Neuropathic Pain: Things to Know$myloop ++; ?>
Neuropathic pain is a type of pain where the cause is not found in an organ or tissue and can occur in any part of the body. This type is most common in the limbs but can also occur in joints, stomach, or elsewhere. It occurs when nerve cells are damaged or injured, sending signals to be felt as pain, usually through burning, prickling, and tingling sensations. Neuropathic pain can be complicated to treat because it cannot always be easily located like other types of pain.
Causes of Neuropathic Pain
Nerve Damage or Injury
Neuropathic Pain can occur when the nerve cells are damaged or injured. This may happen as a result of disease or damage to the nerves. It may also occur when the protective covering surrounding the nerve fibers are damaged.
Neuropathic Pain can be caused by degeneration of specific brain cells or spinal cord cells, which send pain signals to the brain. This type of Pain is often due to dementia, Parkinson’s disease, multiple sclerosis, spinal injury, and diabetes.
Compression of the Spinal Cord
Occurs when a person is experiencing a fracture or vertebral compression in the neck, chest, or back. The most common Pain that can occur with this maintenance is referred to as radiculopathy and is characterized by sharp shooting pains that run down the arms, legs, and back.
How to treat neuropathic Pain
The main goal of treating neuropathic Pain is to manage the pain as much as possible and to reduce the side effects of the treatment. People with neuropathic Pain may be referred to standard medication such as:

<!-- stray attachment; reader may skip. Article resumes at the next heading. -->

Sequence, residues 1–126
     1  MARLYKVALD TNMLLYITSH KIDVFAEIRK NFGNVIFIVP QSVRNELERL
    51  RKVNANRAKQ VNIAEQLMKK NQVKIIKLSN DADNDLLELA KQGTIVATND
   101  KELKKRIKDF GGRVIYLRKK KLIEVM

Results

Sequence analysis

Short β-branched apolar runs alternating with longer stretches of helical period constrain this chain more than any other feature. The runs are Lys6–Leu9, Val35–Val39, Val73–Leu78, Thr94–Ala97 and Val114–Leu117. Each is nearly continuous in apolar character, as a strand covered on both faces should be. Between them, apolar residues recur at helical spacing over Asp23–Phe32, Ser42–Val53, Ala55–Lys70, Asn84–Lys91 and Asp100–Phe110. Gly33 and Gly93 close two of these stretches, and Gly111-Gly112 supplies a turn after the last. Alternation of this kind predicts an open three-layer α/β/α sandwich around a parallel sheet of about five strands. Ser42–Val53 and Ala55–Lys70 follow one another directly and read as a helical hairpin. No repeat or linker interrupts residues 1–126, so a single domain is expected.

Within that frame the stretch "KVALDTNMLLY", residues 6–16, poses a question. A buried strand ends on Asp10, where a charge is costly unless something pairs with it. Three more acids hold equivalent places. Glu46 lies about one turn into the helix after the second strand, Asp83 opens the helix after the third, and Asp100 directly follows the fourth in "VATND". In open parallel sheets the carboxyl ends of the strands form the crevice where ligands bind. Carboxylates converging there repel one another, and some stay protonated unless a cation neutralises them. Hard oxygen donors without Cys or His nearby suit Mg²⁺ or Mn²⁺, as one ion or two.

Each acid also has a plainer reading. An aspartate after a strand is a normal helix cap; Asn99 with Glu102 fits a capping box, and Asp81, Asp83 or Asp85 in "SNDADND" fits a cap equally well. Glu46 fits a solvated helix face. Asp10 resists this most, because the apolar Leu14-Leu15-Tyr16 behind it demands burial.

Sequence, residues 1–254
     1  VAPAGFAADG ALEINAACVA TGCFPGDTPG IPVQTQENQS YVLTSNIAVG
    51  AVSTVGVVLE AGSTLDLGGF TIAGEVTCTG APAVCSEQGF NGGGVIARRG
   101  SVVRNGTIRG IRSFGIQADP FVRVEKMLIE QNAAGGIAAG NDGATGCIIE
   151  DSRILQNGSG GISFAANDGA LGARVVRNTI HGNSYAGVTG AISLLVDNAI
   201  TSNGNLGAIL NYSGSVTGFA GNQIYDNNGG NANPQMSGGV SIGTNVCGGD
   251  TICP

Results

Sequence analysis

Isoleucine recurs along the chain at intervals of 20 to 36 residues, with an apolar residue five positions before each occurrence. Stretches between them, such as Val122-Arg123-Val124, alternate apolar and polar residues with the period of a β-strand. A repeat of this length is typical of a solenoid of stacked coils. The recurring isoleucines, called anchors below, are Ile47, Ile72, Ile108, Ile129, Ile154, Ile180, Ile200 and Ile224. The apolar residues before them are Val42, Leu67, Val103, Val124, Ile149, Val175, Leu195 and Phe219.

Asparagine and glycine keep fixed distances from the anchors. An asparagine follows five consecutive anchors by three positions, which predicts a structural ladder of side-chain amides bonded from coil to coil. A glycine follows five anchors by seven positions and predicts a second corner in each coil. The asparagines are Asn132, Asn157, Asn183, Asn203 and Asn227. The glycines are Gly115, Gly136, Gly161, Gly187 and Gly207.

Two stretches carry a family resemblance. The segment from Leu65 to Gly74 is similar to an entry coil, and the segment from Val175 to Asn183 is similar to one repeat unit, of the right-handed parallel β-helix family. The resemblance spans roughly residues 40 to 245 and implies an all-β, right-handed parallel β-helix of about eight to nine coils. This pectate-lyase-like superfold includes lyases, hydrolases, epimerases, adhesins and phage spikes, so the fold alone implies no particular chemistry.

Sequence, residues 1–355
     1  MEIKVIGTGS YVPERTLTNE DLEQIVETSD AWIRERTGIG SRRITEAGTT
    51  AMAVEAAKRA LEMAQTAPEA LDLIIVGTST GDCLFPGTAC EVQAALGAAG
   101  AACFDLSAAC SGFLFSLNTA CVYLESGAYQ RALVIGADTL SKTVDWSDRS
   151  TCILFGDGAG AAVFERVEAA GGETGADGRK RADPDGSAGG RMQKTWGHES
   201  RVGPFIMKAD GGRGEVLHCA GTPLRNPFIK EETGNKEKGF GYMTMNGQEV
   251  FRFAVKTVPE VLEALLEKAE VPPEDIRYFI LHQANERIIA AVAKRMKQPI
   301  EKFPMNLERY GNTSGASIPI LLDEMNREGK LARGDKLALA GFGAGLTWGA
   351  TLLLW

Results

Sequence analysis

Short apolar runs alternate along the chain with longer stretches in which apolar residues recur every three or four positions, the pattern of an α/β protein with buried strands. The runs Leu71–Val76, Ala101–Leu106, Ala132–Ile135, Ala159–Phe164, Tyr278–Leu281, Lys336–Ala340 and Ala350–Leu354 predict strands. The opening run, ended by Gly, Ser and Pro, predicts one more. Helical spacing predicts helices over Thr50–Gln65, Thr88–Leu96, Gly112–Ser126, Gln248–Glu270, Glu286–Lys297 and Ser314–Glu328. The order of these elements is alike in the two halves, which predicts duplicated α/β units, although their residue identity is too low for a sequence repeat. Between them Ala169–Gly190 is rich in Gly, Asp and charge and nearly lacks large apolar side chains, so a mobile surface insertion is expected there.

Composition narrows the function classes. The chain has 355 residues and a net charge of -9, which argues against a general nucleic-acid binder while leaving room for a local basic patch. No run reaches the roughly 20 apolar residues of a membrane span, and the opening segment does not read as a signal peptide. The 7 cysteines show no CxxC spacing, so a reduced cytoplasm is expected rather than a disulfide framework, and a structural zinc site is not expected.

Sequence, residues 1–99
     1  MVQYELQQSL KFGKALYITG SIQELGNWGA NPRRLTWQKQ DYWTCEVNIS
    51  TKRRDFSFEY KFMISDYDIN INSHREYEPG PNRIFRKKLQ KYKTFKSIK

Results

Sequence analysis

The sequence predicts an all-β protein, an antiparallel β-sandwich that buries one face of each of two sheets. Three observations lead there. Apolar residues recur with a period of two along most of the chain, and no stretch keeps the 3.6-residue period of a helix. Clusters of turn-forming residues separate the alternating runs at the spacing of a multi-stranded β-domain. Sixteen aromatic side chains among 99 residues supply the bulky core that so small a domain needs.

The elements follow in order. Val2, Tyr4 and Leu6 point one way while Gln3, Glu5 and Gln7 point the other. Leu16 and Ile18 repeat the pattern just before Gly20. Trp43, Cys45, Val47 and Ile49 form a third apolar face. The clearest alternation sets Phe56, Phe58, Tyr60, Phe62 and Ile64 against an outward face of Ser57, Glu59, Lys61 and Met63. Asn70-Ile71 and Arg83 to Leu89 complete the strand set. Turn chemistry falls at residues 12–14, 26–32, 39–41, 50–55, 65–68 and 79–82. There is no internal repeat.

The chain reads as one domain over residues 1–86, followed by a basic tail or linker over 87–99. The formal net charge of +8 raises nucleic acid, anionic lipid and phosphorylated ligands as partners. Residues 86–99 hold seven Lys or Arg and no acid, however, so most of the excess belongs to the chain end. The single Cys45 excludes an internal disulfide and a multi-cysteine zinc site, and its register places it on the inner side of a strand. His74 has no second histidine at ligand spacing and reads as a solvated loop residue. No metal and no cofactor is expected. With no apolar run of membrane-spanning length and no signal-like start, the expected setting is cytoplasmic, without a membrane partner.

A class of drugs that relieve Pain by suppressing the central nervous system’s response to pain signals. Examples include hydrocodone (Vicodin) and codeine. Medications like these slow the nerves down, making them less sensitive to pain signals.
These medicines constrict the muscles in the brain by reducing abnormal neuron activity or abnormal neuron growth. Examples include carbamazepine (Tegretol), valproic acid (Depakote) and gabapentin (Neurontin).
NSAIDs(Non-steroidal anti-inflammatory drugs)
These painkillers are most commonly used to treat inflammation and swelling, but they also reduce the effects of nerve damage by suppressing the central nervous system’s response to pain signals.
Acupuncture is a method that involves placing wonderful needles into acupuncture points and in the back to try to curb pain signals from being sent out. Acupuncture can help reduce a person’s sensitivity to Pain by blocking the nerves and nerve pathways.
Transcutaneous electrical nerve stimulation (TENS)
Treatment involves placing electrodes on the skin and pressing them to send signals to particular nerve pathways. TENS can be used as a treatment for Pain that conventional therapies cannot control.
When Pain becomes severe and chronic, severe Pain should be treated first. Treatments after that may include rehabilitation therapies. These include physical therapy, which can help improve mobility and strength, cognitive behavioral therapy, which can help to decrease stress and anxiety related to Pain, and psychotherapy, which can also help reduce stress as well as depression or other emotional problems related to the Pain or different multidisciplinary approaches such as educational programs.
Neuropathic Pain is a type of Pain that many people suffer from at one point in their lives. In most cases, Pain can be managed with various treatments and medications.
If you suffer from neuropathic pain that conventional treatments cannot control, Progressive Pain Management is here to help you. Fill out the form below to contact our team for further queries.